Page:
Progress has also been made in amalgamating small business institutions, and a new entity will be launched this year.

We had announced 10 billion rand to be set aside by the IDC for job creation.

To date, about one point five billion rand was approved for 60 companies to promote job creation.

Compatriots and friends,

The mining industry, one of the job drivers in the New Growth Path, plays a critical role in the socio-economic development of the country.

As part of addressing the triple challenge of poverty, inequality and unemployment, government has developed a beneficiation strategy, which seeks to provide opportunities in the downstream part of the minerals sector.

We remain committed to the creation of a favourable and globally competitive mining sector, and to promote the industry to attract investment and achieve both industrial growth and much-needed transformation.

Honourable Speaker,

Honourable Chairperson of the NCOP,

The work done last year indicates that if we continue to grow reasonably well, we will begin to write a new story about South Africa—the story of how, working together, we drove back unemployment and reduced economic inequality and poverty.

It is beginning to look possible.

We must not lose this momentum.

For the year 2012 and beyond, we invite the nation to join government in a massive infrastructure development drive.

Baba Somlomo noSihlalo,

Sizoqala umkhankaso omkhulu wokwakha izingqalazizinda ezweni lonke. Lokhu kuzophakamisa izinga lomnotho, futhi kuveze amathuba emisebenzi.

Compatriots,

We will use the project management expertise gained during the 2010 FIFA Soccer World Cup to make this project a success.

The infrastructure plan will be driven and overseen by the Presidential Infrastructure Coordinating Commission, (PICC), which was established in September, bringing together Ministers, Premiers and Metro Mayors under the leadership of the President and the Deputy President.

The PICC has identified and developed projects and infrastructure initiatives from state-owned enterprises as well as national, provincial and local government departments.

These have been clustered, sequenced and prioritised into a pipeline of strategic integrated projects.

We have chosen five major geographically-focussed programmes, as well as projects focusing on health and basic education infrastructure, information and communication technologies and regional integration.

The projects are as follows;

Firstly, we plan to develop and integrate rail, road and water infrastructure, centred around two main areas in Limpopo: the Waterberg in the Western part of the province and Steelpoort in the eastern part.

These efforts are intended to unlock the enormous mineral belt of coal, platinum, palladium, chrome and other minerals, in order to facilitate increased mining as well as stepped-up beneficiation of minerals.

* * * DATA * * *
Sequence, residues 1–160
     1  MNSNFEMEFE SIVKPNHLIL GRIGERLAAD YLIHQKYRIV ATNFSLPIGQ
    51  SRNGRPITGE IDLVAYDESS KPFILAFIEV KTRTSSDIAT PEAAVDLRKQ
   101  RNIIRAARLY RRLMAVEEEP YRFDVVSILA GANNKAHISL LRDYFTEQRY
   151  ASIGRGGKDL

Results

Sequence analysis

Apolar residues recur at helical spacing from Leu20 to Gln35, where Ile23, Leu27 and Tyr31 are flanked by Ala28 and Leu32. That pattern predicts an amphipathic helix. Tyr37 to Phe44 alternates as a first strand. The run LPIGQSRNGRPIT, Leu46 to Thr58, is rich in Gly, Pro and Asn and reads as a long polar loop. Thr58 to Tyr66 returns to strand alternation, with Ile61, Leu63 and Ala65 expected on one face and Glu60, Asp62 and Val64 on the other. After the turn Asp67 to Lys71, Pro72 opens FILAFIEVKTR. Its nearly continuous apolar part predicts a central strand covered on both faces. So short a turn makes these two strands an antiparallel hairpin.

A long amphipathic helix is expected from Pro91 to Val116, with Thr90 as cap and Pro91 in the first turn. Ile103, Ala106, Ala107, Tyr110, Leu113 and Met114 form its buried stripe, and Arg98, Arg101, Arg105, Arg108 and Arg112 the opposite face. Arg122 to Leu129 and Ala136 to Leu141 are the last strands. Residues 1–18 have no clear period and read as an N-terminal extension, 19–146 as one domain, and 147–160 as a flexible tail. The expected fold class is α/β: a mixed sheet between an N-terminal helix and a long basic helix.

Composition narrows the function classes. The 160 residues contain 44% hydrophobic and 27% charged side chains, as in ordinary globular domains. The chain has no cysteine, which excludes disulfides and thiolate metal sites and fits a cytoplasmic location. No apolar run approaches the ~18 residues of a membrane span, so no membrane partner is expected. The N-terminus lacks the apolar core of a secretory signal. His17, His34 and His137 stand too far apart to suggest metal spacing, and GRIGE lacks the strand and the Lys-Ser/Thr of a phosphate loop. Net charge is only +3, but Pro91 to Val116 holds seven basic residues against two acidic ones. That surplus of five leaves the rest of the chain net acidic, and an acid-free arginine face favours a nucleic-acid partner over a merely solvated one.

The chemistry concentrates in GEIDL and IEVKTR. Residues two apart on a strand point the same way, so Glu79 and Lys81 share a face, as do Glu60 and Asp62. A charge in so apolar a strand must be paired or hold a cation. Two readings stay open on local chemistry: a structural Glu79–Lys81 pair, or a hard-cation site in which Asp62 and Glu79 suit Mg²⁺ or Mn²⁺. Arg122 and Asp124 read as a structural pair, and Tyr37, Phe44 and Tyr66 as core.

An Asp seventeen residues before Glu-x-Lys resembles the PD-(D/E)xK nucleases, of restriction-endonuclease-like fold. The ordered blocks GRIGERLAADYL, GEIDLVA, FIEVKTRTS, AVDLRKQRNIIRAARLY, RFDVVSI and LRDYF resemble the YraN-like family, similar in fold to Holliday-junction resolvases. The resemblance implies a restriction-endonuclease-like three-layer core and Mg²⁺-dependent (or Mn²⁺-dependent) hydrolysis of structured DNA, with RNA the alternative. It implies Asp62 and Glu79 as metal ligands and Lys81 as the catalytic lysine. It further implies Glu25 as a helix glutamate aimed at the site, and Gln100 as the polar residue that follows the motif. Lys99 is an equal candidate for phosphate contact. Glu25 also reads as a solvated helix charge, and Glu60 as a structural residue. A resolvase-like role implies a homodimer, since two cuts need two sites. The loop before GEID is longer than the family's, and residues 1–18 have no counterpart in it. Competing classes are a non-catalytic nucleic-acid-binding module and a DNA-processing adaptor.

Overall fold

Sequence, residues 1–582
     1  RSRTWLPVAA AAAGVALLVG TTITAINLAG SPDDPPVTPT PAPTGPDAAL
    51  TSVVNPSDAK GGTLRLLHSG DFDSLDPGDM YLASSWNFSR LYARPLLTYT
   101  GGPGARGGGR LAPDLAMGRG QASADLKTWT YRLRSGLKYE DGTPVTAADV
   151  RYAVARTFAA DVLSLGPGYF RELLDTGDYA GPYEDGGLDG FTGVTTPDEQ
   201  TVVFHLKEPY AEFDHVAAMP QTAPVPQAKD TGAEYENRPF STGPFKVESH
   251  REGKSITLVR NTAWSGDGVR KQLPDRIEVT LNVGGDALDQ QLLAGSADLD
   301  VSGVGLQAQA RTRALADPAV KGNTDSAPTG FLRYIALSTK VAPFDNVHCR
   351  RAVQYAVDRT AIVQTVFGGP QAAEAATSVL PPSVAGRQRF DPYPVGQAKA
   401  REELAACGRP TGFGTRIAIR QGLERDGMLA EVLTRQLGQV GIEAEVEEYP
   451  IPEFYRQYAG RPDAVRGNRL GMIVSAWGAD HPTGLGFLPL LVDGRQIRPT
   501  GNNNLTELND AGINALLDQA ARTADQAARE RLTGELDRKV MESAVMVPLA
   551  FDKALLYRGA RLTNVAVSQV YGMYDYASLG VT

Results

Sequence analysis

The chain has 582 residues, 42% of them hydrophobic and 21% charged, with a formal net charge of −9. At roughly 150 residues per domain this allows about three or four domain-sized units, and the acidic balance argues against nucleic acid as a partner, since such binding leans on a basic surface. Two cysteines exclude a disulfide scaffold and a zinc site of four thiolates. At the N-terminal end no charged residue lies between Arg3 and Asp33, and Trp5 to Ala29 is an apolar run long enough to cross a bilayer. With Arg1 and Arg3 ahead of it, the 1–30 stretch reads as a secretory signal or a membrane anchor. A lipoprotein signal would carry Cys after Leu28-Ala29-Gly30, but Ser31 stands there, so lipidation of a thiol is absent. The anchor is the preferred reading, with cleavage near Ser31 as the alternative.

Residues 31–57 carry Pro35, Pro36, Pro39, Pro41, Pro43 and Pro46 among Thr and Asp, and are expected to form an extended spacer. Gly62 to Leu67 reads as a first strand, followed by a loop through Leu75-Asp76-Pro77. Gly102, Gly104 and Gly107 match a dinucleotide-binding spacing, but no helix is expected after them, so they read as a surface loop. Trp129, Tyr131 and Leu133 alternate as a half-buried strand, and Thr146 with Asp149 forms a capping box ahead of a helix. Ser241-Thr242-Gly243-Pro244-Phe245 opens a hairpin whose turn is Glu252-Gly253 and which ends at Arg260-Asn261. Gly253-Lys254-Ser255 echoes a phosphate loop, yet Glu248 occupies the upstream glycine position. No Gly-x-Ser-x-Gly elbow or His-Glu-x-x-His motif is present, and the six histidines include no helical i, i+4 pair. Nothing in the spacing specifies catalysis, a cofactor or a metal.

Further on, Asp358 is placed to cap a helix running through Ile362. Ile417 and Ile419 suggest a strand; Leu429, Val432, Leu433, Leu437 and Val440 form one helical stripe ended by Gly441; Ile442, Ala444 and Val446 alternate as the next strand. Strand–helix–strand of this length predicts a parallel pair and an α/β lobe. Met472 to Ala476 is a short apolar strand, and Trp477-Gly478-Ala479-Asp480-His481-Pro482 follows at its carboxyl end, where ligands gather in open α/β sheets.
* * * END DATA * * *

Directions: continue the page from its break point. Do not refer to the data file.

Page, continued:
Using the developments in Limpopo as a base, we will expand rail transport in Mpumalanga, connecting coalfields to power stations.

This will enable us to decisively shift from road to rail in the transportation of coal, which has caused a deterioration of the roads in Mpumalanga.

The eastern parts of the North West province will also benefit from the greater focus on infrastructure connected to mining and mineral beneficiation.

Secondly, we will improve the movement of goods and economic integration through a Durban-Free State-Gauteng logistics and industrial corridor.

This project is intended to connect the major economic centres of Gauteng and Durban/Pinetown, and at the same time, connect these centres with improved export capacity through our sea-ports.

In this regard, I am pleased to announce the Market Demand Strategy of Transnet, which entails an investment, over the next seven years, of three hundred billion rand in capital projects.

Of this amount, 200 billion rand is allocated to rail projects and the majority of the balance, to projects in the ports.

Amongst the list of planned projects, is the expansion of the Iron Ore Export channel from 60 million tons per annum to 82 million tons per annum.

It also includes various improvements to the Durban-Gauteng Rail corridor and the phased development of a new 16 million tons per annum manganese export channel through the Port of Ngqura in Nelson Mandela Bay.

The Market Demand Strategy will result in the creation of more jobs in the South African economy, as well as increased localization and Black Economic Empowerment. It will also position South Africa as a regional trans-shipment hub for Sub-Saharan Africa and deliver on NEPAD’s regional integration agenda.

We have also been looking at the necessity of reducing port charges, as part of reducing the costs of doing business. The issue of high port charges was one of those raised sharply by the automotive sector in Port Elizabeth and Uitenhage during my performance monitoring visit to the sector last year.

In this regard, I am pleased to announce that the Port Regulator and Transnet have agreed to an arrangement which will result in exporters of manufactured goods, receiving a significant decrease in port charges, during the coming year, equal to about 1 billion rand in total.

Thirdly, we will develop a major new South Eastern node that will improve the industrial and agricultural development and export capacity of the Eastern Cape region, and expand the province’s economic and logistics linkages with the Northern Cape and KwaZulu-Natal.